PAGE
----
AA311.Lecture13.Slides

AA311.Lecture13.Slides - AA311: Atmospheric Flight...

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Unformatted text preview: AA311: Atmospheric Flight Mechanics Lecture 13 Dr. Laszlo Techy University of Washington Department of Aeronautics & Astronautics November 02, 2011 Dr. Laszlo Techy AA311: Atmospheric Flight Mechanics Critical pressure coefficient Dr. Laszlo Techy AA311: Atmospheric Flight Mechanics Thin VS Thick Airfoils Thin: The expansion over the top surface is mild; the velocity increases only slightly; the pressure decreases only a relatively small amount in comparison with thicker airfoil profiles. Therefore M cr is higher for thin airfoils. Dr. Laszlo Techy AA311: Atmospheric Flight Mechanics Critical pressure coefficient Clarifying critical pressure coefficient. Recall, as the Mach number is increased, the pressure coefficient, C p will become increasingly negative. The specific value of C p , where the flow becomes sonic is by definition, the critical pressure coefficient : C p , cr . Although not immediately intuitive, there exists a fundamental relationship between free-stream Mach number, and critical pressure coefficient that is rooted in pure aerodynamics, and has nothing to do with the shape, thickness, or angle of attack of the airfoil. This relationship plays a similar role to Bernoullis equation for incompressible flow, in that it relates pressure and velocity. To derive that relationship, we need to go back to our findings on isentropic relations. Keep in mind: We are after C p , cr = f ( M ) Dr. Laszlo Techy AA311: Atmospheric Flight Mechanics Total pressure and other thermodynamic properties Recall the principle of operation of the Pitot tube....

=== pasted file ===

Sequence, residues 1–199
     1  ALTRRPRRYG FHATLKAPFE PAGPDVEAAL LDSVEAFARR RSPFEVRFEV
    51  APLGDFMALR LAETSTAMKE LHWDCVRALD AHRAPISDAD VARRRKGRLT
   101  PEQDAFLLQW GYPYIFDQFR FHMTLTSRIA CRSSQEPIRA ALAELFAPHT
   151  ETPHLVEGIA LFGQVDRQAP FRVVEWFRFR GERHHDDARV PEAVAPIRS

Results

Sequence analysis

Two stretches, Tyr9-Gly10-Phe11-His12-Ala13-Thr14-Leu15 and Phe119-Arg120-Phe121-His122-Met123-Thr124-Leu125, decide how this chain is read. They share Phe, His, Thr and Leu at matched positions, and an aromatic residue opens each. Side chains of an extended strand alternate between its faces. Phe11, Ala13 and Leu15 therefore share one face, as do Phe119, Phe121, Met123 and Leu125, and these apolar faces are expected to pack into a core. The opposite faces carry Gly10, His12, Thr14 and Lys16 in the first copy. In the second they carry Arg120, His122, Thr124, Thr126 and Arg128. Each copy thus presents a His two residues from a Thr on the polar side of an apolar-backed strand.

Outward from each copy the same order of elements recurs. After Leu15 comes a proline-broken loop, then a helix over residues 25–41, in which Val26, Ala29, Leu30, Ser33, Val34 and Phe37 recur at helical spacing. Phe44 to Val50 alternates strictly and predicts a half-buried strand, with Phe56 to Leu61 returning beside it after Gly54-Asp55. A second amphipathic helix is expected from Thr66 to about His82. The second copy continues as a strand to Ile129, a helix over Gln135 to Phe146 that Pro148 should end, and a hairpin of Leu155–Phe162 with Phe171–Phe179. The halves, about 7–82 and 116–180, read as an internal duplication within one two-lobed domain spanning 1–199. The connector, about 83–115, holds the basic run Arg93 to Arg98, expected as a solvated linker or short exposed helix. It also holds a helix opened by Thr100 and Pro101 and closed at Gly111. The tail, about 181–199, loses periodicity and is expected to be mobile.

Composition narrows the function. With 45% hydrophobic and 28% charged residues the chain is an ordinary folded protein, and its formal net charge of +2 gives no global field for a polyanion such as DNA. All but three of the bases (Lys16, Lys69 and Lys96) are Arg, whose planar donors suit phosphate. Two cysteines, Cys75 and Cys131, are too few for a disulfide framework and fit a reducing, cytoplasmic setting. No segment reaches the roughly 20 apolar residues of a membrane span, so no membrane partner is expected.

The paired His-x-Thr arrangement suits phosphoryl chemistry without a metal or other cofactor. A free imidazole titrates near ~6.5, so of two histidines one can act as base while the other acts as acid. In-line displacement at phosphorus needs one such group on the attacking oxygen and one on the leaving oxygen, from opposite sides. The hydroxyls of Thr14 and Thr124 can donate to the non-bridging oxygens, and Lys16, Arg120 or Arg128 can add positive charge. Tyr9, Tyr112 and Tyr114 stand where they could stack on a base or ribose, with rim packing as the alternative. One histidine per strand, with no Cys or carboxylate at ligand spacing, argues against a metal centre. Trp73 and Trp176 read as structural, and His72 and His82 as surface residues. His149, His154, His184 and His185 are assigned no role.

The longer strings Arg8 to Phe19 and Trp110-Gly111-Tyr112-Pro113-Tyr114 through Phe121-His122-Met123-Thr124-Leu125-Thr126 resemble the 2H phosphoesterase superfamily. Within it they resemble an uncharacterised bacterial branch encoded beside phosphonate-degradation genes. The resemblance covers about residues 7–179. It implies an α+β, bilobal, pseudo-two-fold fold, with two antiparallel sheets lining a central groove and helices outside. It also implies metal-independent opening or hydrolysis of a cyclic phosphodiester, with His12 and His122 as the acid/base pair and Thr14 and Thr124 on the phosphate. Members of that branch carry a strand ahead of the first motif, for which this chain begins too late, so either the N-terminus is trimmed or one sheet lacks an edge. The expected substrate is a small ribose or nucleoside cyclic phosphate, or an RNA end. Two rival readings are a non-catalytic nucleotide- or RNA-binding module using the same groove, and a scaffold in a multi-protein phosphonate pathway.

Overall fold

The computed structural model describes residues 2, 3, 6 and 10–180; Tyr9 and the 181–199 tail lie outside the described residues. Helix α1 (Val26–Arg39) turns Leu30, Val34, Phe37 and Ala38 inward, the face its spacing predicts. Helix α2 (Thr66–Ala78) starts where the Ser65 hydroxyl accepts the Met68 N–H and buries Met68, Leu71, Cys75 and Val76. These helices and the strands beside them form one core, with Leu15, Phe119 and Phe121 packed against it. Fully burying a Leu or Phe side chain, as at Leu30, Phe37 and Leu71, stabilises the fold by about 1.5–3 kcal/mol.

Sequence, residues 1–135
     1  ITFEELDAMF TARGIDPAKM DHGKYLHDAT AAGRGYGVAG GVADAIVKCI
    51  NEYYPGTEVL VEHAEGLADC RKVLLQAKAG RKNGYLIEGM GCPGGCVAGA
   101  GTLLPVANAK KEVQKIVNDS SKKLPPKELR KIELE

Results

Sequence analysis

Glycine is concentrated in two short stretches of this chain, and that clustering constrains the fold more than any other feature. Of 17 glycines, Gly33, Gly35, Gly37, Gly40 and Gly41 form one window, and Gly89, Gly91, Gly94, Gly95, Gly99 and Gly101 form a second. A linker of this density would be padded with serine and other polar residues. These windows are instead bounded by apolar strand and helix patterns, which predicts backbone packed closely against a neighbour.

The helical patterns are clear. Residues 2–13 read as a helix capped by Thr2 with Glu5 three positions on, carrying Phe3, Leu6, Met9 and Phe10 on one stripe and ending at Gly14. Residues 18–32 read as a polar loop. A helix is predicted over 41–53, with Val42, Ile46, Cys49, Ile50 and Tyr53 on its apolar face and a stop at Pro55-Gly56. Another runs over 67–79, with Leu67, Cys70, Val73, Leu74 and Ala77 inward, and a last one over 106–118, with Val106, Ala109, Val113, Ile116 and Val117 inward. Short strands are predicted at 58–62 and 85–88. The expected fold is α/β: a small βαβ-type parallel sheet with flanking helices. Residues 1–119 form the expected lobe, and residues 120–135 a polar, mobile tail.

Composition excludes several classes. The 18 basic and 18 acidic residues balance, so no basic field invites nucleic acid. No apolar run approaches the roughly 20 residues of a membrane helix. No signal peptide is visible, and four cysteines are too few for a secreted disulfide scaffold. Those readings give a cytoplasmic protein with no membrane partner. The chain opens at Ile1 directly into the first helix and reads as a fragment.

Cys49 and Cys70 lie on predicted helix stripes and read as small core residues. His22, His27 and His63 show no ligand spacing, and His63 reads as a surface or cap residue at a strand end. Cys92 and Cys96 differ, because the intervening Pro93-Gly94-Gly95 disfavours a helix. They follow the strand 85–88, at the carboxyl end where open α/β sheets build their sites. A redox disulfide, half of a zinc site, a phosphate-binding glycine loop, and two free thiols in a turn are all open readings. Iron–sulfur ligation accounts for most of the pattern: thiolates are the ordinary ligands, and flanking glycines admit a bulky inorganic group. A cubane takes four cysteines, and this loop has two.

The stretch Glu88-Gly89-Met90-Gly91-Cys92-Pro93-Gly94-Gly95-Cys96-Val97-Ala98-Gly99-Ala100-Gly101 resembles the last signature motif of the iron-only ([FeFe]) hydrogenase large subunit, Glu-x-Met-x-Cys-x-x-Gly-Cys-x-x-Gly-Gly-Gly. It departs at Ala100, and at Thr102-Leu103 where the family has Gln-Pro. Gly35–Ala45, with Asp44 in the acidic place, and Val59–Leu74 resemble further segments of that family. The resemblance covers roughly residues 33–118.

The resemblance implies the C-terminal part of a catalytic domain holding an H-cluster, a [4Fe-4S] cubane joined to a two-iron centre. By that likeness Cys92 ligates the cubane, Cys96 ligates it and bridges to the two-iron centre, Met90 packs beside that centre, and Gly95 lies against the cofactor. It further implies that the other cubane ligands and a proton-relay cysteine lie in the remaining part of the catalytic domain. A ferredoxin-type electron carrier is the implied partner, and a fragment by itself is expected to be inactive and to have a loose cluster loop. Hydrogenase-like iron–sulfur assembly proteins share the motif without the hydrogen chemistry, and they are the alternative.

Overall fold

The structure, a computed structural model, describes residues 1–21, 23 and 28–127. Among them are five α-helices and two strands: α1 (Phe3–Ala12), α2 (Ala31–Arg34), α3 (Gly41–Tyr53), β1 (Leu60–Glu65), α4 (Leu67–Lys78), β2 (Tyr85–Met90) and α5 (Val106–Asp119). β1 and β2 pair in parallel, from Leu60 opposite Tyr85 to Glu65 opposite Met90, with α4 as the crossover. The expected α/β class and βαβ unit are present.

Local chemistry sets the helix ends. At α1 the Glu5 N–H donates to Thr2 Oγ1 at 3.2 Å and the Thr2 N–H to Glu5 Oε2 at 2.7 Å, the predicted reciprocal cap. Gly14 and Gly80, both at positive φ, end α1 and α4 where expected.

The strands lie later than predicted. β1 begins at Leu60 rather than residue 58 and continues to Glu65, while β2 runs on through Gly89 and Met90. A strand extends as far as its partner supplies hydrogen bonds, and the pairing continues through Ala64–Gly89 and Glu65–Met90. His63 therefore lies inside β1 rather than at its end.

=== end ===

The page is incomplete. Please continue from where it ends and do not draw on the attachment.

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AA311.Lecture13.Slides - AA311: Atmospheric Flight...

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